The fact that most developers release iOS versions of their software much before coming out with their Android versions, is well established. One such app happens to be 'Human', which is an activity tracker that was launched on iOS back in September 2013, but has only now gotten an Android counterpart, after remaining iOS-exclusive for the best part of two and a half years. However, now that it is finally available on Android, the app has brought along an all-new feature that's yet to be rolled out to the iOS version of the software. The feature is called 'Pulse', and it helps users compare their daily activity with that of other users of the app.
The company says that by introducing the new feature, it is encouraging "casual competition" as a means of motivating users to challenge themselves further to be fitter and healthier. The feature, however, will only be available in urban areas, as remote rural locations with lower population are unlikely to have too many users of the app. While 'Pulse' is only available on Android right now, The Next Web is quoting an official spokesperson for the company behind the app, to report that the iOS version of the software is in line to get a new update later this week, which will most likely introduce the latest feature to Human on iOS. The app, now available on the Google Play Store, helps users become 'healthier and happier' by encouraging 'humans' to move for at least thirty minutes each day, in blocks of ten minutes each.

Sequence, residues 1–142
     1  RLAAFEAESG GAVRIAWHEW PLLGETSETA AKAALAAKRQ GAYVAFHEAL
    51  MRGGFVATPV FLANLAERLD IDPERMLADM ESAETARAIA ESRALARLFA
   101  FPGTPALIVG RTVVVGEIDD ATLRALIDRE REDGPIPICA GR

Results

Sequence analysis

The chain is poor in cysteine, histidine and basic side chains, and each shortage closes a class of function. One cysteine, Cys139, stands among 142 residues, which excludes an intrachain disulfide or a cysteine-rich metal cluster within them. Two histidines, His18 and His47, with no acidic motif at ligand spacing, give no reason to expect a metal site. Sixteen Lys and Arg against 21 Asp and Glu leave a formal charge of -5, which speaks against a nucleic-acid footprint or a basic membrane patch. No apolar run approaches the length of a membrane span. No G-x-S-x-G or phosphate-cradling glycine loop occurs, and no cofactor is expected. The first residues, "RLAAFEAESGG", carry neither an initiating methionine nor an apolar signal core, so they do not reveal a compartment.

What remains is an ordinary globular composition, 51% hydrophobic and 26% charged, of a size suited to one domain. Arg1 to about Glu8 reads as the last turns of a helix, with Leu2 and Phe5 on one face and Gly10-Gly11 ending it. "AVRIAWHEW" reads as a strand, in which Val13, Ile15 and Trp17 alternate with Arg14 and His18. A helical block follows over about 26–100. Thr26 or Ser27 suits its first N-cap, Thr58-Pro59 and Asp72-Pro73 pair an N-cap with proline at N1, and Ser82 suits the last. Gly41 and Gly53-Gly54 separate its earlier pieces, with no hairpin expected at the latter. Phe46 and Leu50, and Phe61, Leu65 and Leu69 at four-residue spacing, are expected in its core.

While the app started out tracking only outdoor activity, a subsequent update now allows the software to track indoor activity as well, whereby users need to move more than one minute while stationary (like using a treadmill or an exercise bike). The app also tracks activities like walking, running, jogging or cycling for several minutes at a stretch, rather than just arbitrarily counting the number of steps taken in a day, which doesn't provide the amount of exercise required for a healthy lifestyle. The 'Daily 30', which is how the company describes the daily target for its users, doesn't only refer to traditional exercise at the gym only. A night out dancing will also count towards a user's 'Daily 30', provided he/she is carrying the smartphone on their person rather than tucking it away somewhere else.